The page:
How tight are your hip flexors
Your hip flexors are an important muscle group. If they are tight – and therefore not moving to their full ability – your spine can become more unstable. The pressure is then added to your lower back as your muscles try to realign your spine.
Prolonged sitting – which most of us do on a daily basis – is one of the biggest reasons for short hip flexors and they can tighten up if your core muscles are not working well. Tightness of the hip flexors will make your back arch more; putting pressure on the spinal joints. It will also inhibit the core muscles of the stomach that support your spine, making it unstable and vulnerable to injury.
Tight hip flexors can result in a lot of pain and discomfort, which can have a massive impact on even the simplest everyday tasks.
Stretches and exercises that have been designed to relax, lengthen and strengthen your hip flexors, will form one important part in helping you help protect your joints and improve your mobility to prevent injuries from occurring.
Here are a few simple exercises and stretches we recommend to start to loosen up your hip flexors and improve your mobility.
Stretching: Hip Flexor Stretch:
- Lie on your back on your bed
- Shuffle to the edge so your left leg starts to hang over the side
- Bend the right leg and lift it so you can take hold of your right knee
- Bring it up towards your chest as far as you can and let the left leg fall down as far as you can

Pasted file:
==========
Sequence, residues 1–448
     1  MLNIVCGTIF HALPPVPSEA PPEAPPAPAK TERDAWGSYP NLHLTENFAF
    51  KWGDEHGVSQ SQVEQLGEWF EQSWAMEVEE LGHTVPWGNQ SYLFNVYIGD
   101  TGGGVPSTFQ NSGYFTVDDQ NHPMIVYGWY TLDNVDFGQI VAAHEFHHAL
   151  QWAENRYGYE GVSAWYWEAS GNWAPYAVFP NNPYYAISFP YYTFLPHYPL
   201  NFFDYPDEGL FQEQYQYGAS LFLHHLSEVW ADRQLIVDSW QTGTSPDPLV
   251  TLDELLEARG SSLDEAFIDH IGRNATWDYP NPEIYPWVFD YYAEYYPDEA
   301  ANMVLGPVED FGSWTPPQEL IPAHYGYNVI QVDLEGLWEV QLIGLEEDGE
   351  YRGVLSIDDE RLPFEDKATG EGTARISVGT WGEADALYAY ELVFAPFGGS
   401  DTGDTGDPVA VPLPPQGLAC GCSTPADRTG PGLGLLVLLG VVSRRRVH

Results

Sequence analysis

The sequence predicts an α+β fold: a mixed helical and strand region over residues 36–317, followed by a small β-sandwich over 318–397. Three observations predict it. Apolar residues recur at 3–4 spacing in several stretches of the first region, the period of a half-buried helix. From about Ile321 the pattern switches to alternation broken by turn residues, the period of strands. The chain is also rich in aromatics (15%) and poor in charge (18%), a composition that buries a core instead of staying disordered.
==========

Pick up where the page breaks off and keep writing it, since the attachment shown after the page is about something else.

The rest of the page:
- Relax in to this position and hold for 30 seconds, repeat 3 times on each side.
Exercise: Pulse Lunges:
- Resume a lunge position and make tiny pulsing movements to activate your hip flexors. If it feels too much, don’t lunge as wide.
- Repeat for 30 seconds on each leg for 3 sets
- Reverse lunges with knee charge
- Stand with your feet shoulder width apart
- Take a step backwards with your right foot and lower into a deep lunge position
- Shift your weight onto your left foot and drive your right knee upwards, until your knee is parallel to the ground
- Repeat this movement for 3 sets of 10 repetitions on each leg
Other Useful Information
Treating a Trapped Nerve
A trapped nerve occurs when there is too much pressure on a nerve, or the surrounding area. The central nervous system is protected by the spine, which ensures the body’s overall stability. A trapped nerve in the back, shoulder or neck is usually caused by a nerve that’s been damaged, usually because pressure has been placed on the nerve by the surrounding bones, cartilage, tendons or muscles.